Kansas City Moves To Take Guns Out of Kids' Hands In Firearm-Friendly Missouri
Update, August 29, 5:11 p.m.: The full Kansas City Council approved both ordinances on Thursday.
Kansas City, Missouri, could take a step toward stricter gun laws — despite loose state laws.
So far this year, there have been 99 homicides. Five victims were 16-years-old or younger and 29 were between the ages of 17 and 24.
On Wednesday, a Kansas City Council committee unanimously passed two ordinances which are aimed at keeping handguns and other firearms out of the hands of minors. Mayor Quinton Lucas introduced the measures earlier this month.
“You have folks, young people, that are carrying [guns] every day. This is one tool in the toolbox… I this is a good step to make our city safer,” Lucas said.
Mayor Pro Tem Kevin McManus said it was important that the measure be written precisely to protect the city from a legal challenge from the state, and commended Lucas for his work.
“I appreciate you bringing this forward and finding, I think, a really creative solution to get us at least on legal footing to make some really substantial changes that can help out police and law enforcement have clarity on what they can do,” McManus said.
The ordinances, modeled after existing federal law, ban possession of a handgun for anyone 18 or under. The change would add make it a municipal violation, so police could take guns out of the hands of teenagers.
“We created ... legal means for police to be able to recover firearms,” Lucas said.
The penalty for a first-time offender would be a fine not to exceed $200 and diversion if the offender is eligible. Lucas says that would avoid a firearm charge from staying on a minor’s permanent record. If the minor is not eligible for diversion, the maximum sentence in a juvenile facility would be 30 days.
Under federal law, it is illegal for a minor to own a handgun with certain exceptions, but it’s rarely enforced. State law does not ban minors from possessing guns. Lucas believes the ordinances are narrowly tailored enough to stand up in the courts.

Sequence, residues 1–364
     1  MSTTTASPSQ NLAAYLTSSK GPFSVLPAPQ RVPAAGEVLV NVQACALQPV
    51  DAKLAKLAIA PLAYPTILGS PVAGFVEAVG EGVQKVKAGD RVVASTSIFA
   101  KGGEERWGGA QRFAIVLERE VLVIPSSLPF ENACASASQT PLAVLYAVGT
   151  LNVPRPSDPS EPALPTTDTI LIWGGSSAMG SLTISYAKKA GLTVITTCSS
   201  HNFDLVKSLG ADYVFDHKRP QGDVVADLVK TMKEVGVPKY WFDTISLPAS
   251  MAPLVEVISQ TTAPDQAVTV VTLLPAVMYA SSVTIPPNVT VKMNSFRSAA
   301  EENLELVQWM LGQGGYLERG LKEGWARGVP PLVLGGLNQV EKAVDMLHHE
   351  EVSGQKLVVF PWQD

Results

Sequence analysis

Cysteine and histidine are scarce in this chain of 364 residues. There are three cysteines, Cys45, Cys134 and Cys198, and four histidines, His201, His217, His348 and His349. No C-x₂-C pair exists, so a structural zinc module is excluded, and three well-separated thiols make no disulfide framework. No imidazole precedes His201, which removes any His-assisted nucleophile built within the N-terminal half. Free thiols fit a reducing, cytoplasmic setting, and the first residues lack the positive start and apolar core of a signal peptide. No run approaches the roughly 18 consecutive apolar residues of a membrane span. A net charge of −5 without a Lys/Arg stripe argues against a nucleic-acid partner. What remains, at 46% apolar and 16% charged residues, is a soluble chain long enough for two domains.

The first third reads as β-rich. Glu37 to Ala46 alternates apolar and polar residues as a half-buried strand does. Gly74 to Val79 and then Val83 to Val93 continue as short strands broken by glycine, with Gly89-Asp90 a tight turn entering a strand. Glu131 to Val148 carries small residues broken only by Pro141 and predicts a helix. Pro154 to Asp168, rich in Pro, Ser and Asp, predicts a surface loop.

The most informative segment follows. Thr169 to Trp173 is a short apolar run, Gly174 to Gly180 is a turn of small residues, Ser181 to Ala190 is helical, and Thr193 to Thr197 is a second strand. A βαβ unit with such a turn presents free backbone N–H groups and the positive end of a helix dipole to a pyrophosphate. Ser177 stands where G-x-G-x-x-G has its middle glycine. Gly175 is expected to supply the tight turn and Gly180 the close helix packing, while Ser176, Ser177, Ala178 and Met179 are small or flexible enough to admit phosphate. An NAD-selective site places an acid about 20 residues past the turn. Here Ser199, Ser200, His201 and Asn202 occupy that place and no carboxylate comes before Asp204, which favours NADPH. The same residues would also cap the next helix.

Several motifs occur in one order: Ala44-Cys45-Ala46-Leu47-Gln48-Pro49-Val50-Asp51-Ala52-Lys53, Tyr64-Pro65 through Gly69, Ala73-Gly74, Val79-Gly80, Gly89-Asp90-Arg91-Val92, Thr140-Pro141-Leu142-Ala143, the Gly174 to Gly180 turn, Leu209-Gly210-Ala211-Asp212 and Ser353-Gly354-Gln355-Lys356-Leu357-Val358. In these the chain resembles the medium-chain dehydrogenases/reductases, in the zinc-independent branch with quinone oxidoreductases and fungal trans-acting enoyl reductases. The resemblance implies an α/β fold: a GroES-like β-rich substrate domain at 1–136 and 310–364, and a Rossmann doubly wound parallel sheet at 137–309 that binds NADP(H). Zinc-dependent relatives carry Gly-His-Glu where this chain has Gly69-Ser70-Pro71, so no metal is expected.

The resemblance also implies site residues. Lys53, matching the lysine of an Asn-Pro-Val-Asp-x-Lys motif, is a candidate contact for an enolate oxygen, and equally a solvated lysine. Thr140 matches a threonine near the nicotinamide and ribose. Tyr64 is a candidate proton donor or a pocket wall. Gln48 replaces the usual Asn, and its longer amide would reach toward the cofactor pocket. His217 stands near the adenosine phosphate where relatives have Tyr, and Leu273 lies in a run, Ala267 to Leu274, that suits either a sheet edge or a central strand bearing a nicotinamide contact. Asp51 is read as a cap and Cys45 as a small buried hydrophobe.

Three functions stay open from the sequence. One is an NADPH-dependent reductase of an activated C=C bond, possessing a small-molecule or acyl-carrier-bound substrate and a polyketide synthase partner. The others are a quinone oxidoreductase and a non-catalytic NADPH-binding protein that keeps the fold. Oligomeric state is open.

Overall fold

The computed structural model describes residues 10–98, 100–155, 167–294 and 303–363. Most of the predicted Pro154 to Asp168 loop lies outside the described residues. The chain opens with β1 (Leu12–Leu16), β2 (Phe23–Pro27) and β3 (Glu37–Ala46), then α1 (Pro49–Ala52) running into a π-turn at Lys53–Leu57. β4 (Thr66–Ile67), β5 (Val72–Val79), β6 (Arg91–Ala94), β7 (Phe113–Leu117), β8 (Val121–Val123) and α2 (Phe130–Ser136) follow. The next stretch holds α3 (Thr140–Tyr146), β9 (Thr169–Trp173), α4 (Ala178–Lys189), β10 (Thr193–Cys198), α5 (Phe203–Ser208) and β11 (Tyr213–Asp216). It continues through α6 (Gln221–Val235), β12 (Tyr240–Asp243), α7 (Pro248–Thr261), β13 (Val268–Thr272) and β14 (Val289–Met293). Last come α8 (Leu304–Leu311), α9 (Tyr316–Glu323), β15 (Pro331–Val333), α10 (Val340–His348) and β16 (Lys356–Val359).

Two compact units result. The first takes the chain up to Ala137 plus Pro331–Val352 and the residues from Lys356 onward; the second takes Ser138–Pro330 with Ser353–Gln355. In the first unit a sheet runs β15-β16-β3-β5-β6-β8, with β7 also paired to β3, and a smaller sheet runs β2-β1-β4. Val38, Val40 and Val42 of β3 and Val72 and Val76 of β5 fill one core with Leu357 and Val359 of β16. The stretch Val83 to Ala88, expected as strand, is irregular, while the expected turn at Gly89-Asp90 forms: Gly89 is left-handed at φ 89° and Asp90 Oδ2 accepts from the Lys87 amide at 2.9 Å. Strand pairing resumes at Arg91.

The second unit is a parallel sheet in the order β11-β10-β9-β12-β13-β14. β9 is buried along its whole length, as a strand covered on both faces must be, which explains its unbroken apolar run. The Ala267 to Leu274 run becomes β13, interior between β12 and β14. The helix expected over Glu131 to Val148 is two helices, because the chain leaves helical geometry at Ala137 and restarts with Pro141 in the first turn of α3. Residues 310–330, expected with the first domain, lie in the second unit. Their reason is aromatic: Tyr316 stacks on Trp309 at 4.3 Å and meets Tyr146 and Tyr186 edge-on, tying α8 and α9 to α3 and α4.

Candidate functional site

Kansas City, Missouri, Police Captain Scott Simons said the ordinances would help him do his job better.
He referenced a specific incident from February to illustrate the prevalence of guns in the hands of young people.
Simons said officers responded to a call of shots fired and encountered two juveniles with handguns. Both denied they owned the guns, so officers recovered the guns for safekeeping.
Four hours later, he said, different officers responded to a call of shots fired and stopped two minors nearby.
“It turns out it was the same two minors that the other officers had stopped, both of them were armed with guns again,” Simons said.
The measures would allow minors to possess guns in certain circumstances, in accordance with the federal law. For example, they could carry a firearm if they are a member of the armed forces or if a parent gave it to them.
Erikka French, who lives in northeast Kansas City, is a single mother of four.
“I see the gun violence on the daily... We’re already living in fear, how much more fear do we have to live in to get the point across?”
French said the measures don’t go far enough. She said kids shouldn’t be able to carry a gun just because their parents say they can.
“It’s like the city saying, ‘We condone the murders. We’re ok with you killing each other off as long as you got a piece of paper and documentation that says it’s ok,” French said.
Members of the committee said they agreed with French, but are limited by state and federal law from going any further.
The full city council will consider the ordinances Thursday.
Lisa Rodriguez covers Kansas City, Missouri, City Hall for KCUR 89.3. She’s also the afternoon newscaster. Follow her on Twitter @larodrig.